Although HIV/HCV co-infection is frequent (ranging from 20 to 50%) [3,56,57], few studies have attempted to evaluate the differences between HCV-infected patients who are HIV-positive or HIV-negative [58,59]. The neuropsychiatric impact of HCV infection on HIV-infected patients was recently demonstrated in a cohort of 116 HIV-positive patients, including 67 who were HCV co-infected [60]. Co-infected (HIV-positive/HCV-positive) individuals had significantly greater rates of past substance-induced major depression. A total of 42% of the co-infected patients met the criteria for current major depression. There was a trend for co-infected patients to have worse neurocognitive function. HCV/HIV-co-infected individuals exhibited a greater rate of impairment on tests of executive functioning. Differences in cognitive functioning were associated with HCV infection, but did not correlate with indices of liver disease severity. In comparison with HIV-positive/HCV-negative patients, those who were co-infected were also more likely to be diagnosed with HIV-associated dementia. A recent cross-sectional study [61] investigated the clinical and biological signs of autoimmunity in 97 HIV-infected patients, 62 of whom were HCV co-infected. In patients with HIV infection only, cryoglobulinaemia was detected in 17%, a positive rheumatoid factor in 19%, antinuclear antibodies in 21%, anticardiolipin antibodies in 51%, and antipolymorphonuclear cytoplasmic antibody in 17%. There was a trend towards a higher level of cryoglobulinaemia and anticardiolipin antibodies in patients with HIV infection only, having CD4 lymphocyte counts greater than 350 cells/mm3. Patients co-infected with HCV had a higher prevalence of cryoglobulinaemia than those who were HCV negative (42 versus 17%). In another prospective study of HCV-infected patients [3], multivariate analysis showed significant differences between the 242 HIV-negative and 74 HIV-positive cases. HIV co-infection was associated with the presence of anticardiolipin antibodies [P = 0.003, odds ratio (OR) 4.18], thrombocytopaenia (P = 0.01, OR 3.56), and the presence of arthralgia/myalgia (P = 0.017, OR 0.23). The hepatic effects of HCV infection were more severe in HIV-positive patients, with higher Knodell (P = 0.0004) and Metavir scores (P = 0.0003) [3]. Several studies have confirmed that HIV/HCV co-infection accelerates the natural course of chronic hepatitis C, increasing the risks of liver cirrhosis, decompensated liver disease and hepatocellular carcinoma [62–64]. Conversely, other studies have shown an increased risk of progression to AIDS and AIDS-related death among HIV/HCV-positive individuals, suggesting that HCV co-infection may accelerate the course of HIV disease [65,66]. Chronic infection by HCV may also affect the management of HIV infection, increasing the incidence of liver toxicity associated with antiretroviral regimens [67,68].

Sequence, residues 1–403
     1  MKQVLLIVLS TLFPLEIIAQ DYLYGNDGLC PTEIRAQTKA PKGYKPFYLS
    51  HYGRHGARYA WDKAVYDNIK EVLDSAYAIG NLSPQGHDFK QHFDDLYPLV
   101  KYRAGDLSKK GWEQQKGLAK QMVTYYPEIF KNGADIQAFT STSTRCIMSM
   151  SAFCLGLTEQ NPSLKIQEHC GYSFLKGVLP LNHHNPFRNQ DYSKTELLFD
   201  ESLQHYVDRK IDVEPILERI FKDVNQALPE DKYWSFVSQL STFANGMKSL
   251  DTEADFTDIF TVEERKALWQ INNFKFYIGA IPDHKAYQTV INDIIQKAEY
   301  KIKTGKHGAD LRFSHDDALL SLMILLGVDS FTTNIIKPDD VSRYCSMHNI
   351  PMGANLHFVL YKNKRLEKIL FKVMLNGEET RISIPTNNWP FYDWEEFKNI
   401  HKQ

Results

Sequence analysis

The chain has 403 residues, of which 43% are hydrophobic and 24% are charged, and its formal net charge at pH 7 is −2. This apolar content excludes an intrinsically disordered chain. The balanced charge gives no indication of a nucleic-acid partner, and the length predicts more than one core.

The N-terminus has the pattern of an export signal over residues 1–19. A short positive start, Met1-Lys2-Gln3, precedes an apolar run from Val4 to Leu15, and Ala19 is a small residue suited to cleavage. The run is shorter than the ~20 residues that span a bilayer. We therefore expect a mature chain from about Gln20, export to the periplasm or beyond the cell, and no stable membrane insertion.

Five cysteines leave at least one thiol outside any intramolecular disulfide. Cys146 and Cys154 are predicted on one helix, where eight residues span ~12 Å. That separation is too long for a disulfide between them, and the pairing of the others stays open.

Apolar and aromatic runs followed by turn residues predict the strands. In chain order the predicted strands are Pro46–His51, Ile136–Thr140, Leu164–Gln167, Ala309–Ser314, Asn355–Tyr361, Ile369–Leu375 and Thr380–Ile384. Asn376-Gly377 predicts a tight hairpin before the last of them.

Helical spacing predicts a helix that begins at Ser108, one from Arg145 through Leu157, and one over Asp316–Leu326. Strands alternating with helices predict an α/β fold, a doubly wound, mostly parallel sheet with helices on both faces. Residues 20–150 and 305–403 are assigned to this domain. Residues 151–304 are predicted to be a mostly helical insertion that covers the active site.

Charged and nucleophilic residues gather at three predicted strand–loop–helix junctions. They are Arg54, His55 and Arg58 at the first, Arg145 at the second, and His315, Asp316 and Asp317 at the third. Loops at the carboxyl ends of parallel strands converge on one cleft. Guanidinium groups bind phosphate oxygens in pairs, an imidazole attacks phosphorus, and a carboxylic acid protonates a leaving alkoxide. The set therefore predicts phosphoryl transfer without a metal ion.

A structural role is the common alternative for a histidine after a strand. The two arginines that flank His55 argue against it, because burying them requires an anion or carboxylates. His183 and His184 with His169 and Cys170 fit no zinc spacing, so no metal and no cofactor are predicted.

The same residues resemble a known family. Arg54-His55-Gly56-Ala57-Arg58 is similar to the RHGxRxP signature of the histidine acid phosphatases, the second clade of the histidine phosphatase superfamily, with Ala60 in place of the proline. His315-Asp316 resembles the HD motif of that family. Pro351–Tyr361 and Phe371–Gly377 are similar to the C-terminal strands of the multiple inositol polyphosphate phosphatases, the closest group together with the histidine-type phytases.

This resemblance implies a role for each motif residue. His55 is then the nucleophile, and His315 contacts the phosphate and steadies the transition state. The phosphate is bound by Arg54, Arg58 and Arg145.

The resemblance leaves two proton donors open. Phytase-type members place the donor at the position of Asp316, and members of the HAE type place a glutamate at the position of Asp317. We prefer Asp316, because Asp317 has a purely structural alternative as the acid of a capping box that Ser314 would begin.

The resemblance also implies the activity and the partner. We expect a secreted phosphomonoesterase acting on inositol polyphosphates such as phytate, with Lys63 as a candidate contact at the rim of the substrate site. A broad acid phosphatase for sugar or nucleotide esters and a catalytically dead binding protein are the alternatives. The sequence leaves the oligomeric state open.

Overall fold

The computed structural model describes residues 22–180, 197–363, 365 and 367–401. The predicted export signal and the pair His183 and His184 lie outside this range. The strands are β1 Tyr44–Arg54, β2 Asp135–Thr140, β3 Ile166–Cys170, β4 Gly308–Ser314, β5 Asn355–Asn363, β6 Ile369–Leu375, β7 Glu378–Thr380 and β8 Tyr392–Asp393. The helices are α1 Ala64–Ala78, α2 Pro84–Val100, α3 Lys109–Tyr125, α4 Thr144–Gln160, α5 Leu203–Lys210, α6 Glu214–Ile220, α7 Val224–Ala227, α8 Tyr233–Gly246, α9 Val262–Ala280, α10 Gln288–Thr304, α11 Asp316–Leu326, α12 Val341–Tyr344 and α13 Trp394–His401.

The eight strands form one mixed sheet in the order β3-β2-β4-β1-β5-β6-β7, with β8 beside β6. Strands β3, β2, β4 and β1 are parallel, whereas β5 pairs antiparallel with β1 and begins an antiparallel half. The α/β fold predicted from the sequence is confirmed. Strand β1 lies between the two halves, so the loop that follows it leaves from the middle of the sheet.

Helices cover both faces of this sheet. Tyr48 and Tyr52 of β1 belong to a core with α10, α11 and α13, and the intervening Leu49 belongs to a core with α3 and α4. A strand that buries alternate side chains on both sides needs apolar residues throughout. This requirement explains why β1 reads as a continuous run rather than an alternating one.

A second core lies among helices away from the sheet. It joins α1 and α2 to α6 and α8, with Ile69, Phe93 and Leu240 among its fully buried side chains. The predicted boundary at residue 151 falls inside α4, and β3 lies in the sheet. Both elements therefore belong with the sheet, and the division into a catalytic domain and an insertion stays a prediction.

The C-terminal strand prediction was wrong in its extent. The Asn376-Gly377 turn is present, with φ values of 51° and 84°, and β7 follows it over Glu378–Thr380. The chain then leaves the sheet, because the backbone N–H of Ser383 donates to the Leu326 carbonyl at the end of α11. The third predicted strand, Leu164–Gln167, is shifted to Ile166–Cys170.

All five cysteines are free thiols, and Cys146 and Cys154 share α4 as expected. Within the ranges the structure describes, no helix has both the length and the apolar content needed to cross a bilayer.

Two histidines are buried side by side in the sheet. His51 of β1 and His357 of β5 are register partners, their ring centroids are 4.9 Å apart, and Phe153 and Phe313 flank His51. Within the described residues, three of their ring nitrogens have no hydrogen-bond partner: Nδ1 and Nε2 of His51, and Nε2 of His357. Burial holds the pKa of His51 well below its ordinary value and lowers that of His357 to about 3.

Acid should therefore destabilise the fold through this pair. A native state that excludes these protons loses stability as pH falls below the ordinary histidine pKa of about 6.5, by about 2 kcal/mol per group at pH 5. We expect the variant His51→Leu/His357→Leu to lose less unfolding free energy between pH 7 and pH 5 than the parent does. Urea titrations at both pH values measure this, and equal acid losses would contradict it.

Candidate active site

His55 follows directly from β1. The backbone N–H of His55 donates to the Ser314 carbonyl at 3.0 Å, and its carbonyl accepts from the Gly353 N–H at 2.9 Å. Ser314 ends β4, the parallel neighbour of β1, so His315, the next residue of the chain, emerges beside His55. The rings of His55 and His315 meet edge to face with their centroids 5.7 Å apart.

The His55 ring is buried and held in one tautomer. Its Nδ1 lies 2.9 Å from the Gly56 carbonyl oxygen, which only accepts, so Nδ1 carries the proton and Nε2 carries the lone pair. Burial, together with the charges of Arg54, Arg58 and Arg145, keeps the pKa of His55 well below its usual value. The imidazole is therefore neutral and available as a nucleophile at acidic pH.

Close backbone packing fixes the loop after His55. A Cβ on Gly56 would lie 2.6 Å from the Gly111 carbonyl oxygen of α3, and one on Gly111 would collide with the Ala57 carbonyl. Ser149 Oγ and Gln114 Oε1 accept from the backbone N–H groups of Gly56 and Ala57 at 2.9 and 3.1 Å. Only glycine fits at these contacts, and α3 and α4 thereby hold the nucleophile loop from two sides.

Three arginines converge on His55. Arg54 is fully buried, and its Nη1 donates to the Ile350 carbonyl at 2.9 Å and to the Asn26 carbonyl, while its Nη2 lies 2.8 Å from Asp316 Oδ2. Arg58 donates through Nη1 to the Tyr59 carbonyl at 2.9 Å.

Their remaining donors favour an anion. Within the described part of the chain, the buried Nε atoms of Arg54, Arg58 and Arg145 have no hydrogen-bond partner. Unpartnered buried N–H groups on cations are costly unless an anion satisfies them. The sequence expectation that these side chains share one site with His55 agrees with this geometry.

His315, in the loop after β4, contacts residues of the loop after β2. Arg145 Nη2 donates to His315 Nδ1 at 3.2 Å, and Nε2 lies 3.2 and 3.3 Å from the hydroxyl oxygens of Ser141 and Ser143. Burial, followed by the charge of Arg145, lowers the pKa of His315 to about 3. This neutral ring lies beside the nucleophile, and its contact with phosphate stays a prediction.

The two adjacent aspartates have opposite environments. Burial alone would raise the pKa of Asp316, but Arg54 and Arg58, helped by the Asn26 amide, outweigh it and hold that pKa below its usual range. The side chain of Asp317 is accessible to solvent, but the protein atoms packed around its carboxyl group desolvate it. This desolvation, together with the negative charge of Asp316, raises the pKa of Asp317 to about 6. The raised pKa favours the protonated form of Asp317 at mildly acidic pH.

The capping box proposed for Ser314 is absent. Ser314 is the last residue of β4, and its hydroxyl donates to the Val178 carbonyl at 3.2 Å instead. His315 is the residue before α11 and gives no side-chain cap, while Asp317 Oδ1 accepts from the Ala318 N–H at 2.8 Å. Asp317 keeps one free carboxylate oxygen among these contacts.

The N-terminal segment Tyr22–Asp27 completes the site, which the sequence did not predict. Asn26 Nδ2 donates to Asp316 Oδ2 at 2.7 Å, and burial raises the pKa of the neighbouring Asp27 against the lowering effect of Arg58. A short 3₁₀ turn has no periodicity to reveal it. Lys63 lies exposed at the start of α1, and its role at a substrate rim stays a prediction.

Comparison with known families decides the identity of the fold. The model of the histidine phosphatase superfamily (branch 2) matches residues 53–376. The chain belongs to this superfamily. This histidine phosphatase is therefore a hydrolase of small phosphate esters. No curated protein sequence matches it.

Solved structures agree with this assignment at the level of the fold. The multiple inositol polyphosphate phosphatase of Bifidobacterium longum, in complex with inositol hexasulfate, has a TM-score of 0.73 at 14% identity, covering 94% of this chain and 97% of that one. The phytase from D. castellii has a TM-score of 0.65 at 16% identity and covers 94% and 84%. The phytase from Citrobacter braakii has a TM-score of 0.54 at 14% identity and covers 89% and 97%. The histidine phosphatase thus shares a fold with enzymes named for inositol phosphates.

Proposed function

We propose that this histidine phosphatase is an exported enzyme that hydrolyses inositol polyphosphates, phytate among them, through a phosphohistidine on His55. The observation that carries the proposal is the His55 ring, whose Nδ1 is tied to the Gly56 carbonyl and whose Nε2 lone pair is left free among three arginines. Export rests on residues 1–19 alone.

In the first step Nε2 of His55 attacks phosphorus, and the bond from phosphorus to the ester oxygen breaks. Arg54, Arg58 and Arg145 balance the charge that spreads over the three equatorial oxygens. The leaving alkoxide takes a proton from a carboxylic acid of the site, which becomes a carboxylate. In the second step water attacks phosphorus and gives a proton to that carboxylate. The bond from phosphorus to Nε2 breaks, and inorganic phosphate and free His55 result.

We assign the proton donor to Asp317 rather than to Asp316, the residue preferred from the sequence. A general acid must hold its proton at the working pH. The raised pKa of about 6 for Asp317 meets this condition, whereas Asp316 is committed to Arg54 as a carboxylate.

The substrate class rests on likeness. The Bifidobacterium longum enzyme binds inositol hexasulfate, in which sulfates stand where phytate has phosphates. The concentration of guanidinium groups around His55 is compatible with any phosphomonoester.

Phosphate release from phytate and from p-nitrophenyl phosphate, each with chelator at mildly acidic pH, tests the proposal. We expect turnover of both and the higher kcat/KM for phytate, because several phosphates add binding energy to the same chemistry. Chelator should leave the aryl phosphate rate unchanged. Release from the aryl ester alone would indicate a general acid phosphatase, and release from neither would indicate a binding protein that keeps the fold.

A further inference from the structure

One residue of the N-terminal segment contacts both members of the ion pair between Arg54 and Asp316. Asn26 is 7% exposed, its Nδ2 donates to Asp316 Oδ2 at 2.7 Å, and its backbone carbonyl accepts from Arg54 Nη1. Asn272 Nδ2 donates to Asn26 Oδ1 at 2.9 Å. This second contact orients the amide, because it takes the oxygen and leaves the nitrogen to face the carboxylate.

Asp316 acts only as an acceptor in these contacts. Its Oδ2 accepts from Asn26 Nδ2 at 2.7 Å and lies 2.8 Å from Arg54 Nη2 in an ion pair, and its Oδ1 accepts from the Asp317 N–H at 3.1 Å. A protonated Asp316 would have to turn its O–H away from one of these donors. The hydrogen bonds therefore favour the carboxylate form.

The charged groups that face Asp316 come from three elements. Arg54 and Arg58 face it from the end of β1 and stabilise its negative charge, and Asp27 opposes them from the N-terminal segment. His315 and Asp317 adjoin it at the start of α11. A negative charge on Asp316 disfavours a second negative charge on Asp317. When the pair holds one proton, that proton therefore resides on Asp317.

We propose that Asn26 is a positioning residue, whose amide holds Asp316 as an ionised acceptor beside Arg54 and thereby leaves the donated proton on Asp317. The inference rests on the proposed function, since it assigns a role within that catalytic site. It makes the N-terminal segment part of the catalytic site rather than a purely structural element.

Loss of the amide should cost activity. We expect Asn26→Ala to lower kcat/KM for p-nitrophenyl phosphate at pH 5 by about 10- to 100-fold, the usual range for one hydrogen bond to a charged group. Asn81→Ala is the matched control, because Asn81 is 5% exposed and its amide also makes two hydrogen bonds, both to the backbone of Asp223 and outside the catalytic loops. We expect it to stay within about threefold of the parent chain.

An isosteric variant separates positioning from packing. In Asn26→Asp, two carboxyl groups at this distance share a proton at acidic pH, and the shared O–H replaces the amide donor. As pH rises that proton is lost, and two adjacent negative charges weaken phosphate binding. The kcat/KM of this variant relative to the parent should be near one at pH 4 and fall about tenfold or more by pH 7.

In summary, the neurological complications of HCV-infected patients are predominantly in the peripheral nervous system and are mainly associated with mixed cryoglobulinaemia. The most frequently described form is a distal sensory or sensory-motor peripheral neuropathy. Treatment with IFN plus ribavirin can achieve a complete clinical response in most patients with HCV-related peripheral neuropathy. A complete clinical response usually correlates with the eradication of HCV. CNS involvement is more rarely reported in HCV infection. CNS involvement, however, may present different facets, such as fatigue, depression, cognitive impairment and vasculitis. Co-infected (HIV-positive/HCV-positive) individuals might have higher rates of depression and a trend towards higher neurocognitive function impairment. Cryoglobulinaemia is more likely to occur in HIV patients with CD4 lymphocyte counts greater than 300 cells/mm3. However, data regarding peripheral nerve involvement in co-infected patients are lacking.

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Keywords:

Central nervous system; hepatitis C infection; mixed cryoglobulinaemia; peripheral nerve

© 2005 Lippincott Williams & Wilkins, Inc.